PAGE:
Referencing is a method of acknowledging the sources you have used in writing your thesis or essay. All research builds on the works of others, and by referencing you show how your work relates and contributes to the knowledge community.

Since referencing is a key element to academic writing, it is important that you reference correctly, meaning that you clearly state your sources when you write a text. When referencing, you support your reasoning and strengthen your arguments, which helps to make your text credible. Furthermore, providing details about the works you use in your text, assists the reader who may want to study your subject further. Referencing is also very important with regard to academic honesty: you make it clear to the reader which are your own and which are someone else’s arguments and ideas. Using another person’s ideas without referencing is considered to be plagiarism, which is unacceptable.

You can cite another person’s work or ideas by paraphrasing, summarising them, discussing them or by using direct quotes. When paraphrasing a source, you formulate your own interpretation of the ideas you are using, whereas a quote is an exact rendering of someone’s spoken or written words (including punctuation and any misspellings).

When you paraphrase, summarise or refer to a work produced by another author, it is important that you clearly denote which ideas are your own and which belong to someone else. You do this by including a citation, which usually includes the author's name, year of publication and page number(s). In addition, you can also use reporting verbs and certain phrases to make it clear to whom an idea belongs, for example:

  • The author claims that…
  • X, argues that…

Don't forget to include the source in your list of references.

Quotes can be useful when you want to highlight something in particular, for example, an incisive wording or a noteworthy statement. A quote can be written in different ways depending on the size of the quote and the citation style. However, when using a direct quote, you must always cite the source and page number and the citation should also be included in your list of references.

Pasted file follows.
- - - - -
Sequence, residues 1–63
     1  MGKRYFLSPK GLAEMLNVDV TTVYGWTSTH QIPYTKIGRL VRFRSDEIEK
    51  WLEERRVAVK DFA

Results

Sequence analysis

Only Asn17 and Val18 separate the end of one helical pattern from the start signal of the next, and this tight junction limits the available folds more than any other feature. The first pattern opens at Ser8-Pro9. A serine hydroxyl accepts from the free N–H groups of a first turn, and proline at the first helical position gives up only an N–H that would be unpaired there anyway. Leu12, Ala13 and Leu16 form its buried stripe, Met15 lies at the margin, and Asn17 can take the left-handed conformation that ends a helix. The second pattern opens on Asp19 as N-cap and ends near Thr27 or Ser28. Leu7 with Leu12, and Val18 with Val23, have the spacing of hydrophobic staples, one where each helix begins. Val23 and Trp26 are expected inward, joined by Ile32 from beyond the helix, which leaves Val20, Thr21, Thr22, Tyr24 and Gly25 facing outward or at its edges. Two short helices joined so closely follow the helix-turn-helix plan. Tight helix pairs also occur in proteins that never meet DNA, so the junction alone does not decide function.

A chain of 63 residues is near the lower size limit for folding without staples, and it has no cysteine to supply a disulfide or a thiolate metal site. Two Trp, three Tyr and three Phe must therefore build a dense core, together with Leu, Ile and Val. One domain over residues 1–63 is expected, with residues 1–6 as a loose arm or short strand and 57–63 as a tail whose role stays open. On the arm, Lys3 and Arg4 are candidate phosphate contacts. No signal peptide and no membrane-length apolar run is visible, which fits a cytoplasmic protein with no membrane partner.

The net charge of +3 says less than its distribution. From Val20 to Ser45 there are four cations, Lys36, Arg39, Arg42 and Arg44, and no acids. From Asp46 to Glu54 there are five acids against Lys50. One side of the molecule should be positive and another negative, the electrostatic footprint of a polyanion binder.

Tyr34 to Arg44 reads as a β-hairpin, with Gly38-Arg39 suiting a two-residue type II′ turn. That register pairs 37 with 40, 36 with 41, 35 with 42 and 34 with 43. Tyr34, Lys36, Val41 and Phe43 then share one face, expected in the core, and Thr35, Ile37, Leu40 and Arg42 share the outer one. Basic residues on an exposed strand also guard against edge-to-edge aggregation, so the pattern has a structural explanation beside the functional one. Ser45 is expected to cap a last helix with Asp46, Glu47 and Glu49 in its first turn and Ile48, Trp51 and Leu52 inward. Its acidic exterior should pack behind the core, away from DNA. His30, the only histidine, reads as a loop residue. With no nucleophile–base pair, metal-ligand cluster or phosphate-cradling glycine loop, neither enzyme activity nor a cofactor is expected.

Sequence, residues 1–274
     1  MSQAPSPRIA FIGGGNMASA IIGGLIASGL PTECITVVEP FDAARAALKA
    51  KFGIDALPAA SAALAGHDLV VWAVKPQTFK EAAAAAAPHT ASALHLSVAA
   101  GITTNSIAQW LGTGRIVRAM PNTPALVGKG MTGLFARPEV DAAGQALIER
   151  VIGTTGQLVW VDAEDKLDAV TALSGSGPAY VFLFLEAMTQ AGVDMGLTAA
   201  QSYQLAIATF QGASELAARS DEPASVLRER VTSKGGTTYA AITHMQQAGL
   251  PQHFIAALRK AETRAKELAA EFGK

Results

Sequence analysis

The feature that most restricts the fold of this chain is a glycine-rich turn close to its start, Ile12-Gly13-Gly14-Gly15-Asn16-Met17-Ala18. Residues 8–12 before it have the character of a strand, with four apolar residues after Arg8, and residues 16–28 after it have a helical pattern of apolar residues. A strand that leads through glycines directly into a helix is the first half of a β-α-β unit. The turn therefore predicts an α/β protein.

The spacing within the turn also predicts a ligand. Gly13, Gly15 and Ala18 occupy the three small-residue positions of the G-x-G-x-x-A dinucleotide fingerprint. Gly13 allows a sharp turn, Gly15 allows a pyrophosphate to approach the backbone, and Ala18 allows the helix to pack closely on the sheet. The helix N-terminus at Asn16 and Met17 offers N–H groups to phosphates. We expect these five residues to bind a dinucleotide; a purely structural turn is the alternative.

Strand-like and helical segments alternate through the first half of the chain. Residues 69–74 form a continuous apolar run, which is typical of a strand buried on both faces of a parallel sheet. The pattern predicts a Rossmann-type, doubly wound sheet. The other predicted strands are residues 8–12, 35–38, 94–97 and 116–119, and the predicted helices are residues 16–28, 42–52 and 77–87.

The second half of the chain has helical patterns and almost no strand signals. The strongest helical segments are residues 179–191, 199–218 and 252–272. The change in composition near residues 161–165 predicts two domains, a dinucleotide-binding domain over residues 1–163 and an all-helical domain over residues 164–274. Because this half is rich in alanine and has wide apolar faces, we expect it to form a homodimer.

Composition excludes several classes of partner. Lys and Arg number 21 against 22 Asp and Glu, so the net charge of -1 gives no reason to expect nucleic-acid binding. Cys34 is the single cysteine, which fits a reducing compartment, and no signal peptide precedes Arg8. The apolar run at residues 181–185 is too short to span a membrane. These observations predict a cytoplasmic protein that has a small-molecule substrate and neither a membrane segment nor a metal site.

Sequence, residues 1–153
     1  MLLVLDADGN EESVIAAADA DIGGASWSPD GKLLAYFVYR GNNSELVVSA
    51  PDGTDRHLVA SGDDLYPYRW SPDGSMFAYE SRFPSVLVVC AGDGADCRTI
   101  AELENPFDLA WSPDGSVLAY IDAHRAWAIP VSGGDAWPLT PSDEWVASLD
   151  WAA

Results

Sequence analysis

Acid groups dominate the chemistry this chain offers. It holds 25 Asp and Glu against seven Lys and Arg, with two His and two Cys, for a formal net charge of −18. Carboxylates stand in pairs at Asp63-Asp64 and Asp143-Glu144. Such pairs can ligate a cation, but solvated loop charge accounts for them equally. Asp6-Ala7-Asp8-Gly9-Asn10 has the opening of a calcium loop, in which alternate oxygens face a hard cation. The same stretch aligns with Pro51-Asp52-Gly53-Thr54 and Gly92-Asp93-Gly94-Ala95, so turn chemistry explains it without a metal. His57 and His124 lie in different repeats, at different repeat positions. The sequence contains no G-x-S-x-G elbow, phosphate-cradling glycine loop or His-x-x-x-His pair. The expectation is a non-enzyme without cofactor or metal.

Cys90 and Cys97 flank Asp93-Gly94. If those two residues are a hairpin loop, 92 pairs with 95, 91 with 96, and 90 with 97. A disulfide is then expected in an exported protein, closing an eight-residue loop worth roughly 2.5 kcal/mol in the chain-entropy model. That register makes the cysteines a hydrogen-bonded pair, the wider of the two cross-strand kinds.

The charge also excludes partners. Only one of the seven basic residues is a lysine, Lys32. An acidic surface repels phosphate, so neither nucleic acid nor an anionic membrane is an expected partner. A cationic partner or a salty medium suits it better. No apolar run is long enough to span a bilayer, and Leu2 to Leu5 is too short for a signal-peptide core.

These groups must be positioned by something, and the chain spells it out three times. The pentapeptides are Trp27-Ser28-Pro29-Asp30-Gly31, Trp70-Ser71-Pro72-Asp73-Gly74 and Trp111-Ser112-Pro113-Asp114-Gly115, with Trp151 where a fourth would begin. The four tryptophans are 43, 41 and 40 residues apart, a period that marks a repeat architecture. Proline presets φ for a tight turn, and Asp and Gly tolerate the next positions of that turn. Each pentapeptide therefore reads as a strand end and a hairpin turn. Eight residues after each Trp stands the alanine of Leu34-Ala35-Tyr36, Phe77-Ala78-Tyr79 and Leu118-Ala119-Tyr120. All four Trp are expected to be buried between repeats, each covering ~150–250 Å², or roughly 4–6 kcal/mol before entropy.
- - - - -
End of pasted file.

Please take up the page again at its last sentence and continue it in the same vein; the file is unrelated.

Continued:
In an academic text, you refer to your source, both in the relevant section of the text, and in the list of references at the end of the essay or thesis. There are many different citation styles; some dictate that the citation should be presented in brackets, while others require the use of footnotes. It is important that you are consistent with how you write your citations throughout your work, regardless of which citation style you use. Which style you should use often varies between disciplines, and it is therefore important that you follow the directions given by your teacher.

Libraries around the world have created guides to some of the most commonly used citation styles. In those guide you often also find information about how to refer to sources, that aren't classical academic texts, such as Youtube videos or social media. A couple of examples can be found here below:

By using a reference management program, you can gather and organise the references that you need in your work. You can easily download reference data from catalogues, databases and web pages and import it to Word or another word processing software. This allows you to instantly create complete references in your text as well as in your bibliography, in a citation style of your choice.

Students and faculty staff at Lund University can access one licensed reference management system:

In LIBRIS and LUBsearch, you can create and save references in different citation styles. Make sure that the punctuation in the created references matches your other references, especially if you have used LUBsearch.


  • Search for a title
  • Click Cite below the title details
  • Select your citation style
  • Copy the reference and paste it into your document


  • Search for a title
  • Click it
  • Click Cite in the right side menu
  • Select your citation style
  • Copy the reference and paste it into your document

Introductory video

Short film on why you use references from Lund University's MOOC on academic writing.

EndNote Introductory Course

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